3.2 In accordance with the Rules, paragraphs 2(a) and 4(a), the Center formally notified the Respondent of the Complaint, and the proceedings commenced on December 6, 2004. In accordance with the Rules, paragraph 5(a), the due date for Response was December 26, 2004. The Respondent did not submit any response. Accordingly, the Center notified the Respondent’s default on December 30, 2004.
3.3 The Center appointed Jay Simon as the sole panelist in this matter on January 26, 2005. The Panel finds that it was properly constituted. The Panel has submitted the Statement of Acceptance and Declaration of Impartiality and Independence, as required by the Center to ensure compliance with the Rules, paragraph 7.
3.4 The case file was transmitted electronically to the Panel on January 26,
2005, and a hard copy was forwarded to the Panel that same day.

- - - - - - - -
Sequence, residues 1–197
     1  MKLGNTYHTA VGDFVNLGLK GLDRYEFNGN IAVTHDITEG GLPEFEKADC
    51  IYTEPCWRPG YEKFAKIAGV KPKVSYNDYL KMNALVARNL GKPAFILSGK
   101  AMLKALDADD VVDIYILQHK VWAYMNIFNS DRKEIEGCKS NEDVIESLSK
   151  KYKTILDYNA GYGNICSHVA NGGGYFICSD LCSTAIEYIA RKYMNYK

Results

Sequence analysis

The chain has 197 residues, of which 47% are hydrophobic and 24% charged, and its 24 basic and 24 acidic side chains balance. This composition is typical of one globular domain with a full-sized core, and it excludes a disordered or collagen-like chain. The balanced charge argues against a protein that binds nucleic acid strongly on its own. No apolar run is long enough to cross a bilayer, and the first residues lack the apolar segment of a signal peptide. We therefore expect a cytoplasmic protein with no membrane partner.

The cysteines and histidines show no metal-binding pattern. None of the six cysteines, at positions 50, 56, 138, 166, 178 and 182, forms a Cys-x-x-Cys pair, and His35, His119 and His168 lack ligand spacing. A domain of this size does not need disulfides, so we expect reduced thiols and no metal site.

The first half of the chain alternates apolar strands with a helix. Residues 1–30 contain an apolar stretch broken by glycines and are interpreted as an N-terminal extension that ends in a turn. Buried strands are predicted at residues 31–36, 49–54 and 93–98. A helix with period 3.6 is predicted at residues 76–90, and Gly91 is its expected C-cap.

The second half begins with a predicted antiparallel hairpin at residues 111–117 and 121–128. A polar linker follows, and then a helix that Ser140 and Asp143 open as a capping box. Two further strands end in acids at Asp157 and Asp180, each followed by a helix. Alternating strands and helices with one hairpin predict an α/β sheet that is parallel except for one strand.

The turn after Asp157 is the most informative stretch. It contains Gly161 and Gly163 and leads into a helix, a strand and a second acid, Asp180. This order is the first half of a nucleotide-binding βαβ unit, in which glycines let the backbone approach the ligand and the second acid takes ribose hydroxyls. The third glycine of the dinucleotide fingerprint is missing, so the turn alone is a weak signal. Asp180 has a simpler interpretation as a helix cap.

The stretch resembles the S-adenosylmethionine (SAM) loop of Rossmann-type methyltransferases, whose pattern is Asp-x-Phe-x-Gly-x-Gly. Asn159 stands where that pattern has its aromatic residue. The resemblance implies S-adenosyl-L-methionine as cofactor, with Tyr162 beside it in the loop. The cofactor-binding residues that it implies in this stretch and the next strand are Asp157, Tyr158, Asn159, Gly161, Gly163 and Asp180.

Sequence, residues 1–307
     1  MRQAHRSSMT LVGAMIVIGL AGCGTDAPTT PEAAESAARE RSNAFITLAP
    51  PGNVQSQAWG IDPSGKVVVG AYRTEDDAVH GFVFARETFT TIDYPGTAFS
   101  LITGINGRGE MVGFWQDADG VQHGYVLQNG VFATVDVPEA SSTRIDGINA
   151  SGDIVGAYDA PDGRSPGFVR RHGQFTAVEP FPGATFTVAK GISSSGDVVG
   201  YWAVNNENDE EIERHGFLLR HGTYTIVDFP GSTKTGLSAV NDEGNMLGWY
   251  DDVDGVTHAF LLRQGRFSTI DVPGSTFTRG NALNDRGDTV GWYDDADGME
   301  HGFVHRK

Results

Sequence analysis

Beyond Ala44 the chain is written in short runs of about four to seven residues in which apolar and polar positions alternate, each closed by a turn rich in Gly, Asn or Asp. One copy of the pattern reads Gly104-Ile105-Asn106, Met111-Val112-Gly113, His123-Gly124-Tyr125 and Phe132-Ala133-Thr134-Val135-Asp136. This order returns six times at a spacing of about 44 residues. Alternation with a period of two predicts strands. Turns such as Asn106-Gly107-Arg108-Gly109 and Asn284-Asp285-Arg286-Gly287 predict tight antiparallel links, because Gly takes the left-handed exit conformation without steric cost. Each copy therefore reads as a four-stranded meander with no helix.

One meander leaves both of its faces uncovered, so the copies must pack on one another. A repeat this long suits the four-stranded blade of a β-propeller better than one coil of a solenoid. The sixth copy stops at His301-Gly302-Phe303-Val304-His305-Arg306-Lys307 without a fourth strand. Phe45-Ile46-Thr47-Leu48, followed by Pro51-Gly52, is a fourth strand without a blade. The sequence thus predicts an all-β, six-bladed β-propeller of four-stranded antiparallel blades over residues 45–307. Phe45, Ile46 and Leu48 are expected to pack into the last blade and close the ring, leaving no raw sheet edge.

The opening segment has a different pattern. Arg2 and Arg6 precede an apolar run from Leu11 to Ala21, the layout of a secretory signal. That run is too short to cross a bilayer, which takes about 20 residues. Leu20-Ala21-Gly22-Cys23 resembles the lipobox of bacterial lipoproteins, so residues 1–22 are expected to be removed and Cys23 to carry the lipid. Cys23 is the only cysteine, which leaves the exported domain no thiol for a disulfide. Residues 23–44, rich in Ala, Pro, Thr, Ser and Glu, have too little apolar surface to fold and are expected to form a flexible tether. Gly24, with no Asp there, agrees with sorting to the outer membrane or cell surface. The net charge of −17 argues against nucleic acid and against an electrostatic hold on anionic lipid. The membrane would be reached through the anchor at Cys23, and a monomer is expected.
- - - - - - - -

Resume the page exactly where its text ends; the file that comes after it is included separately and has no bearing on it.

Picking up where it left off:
4. Factual Background
4.1 For travelers in the United States, and in other countries, the HOLIDAY INN sign has become rather ubiquitous. It is difficult to travel major highways in the United States without seeing a HOLIDAY INN sign at least several times on a trip of any substantial length.
4.2 Indeed, there are more than 3,000 HOLIDAY INN hotels in more than 70 countries. HOLIDAY INN considers itself as the world’s most global hotel brand.
4.3 Complainant owns approximately 1,270 registrations for its marks HOLIDAY INN and HOLIDAY INN EXPRESS in about 150 countries, and has used the HOLIDAY INN mark, by itself and through its predecessors in interest, in connection with lodging and restaurant services in hotels and motels at least since 1952.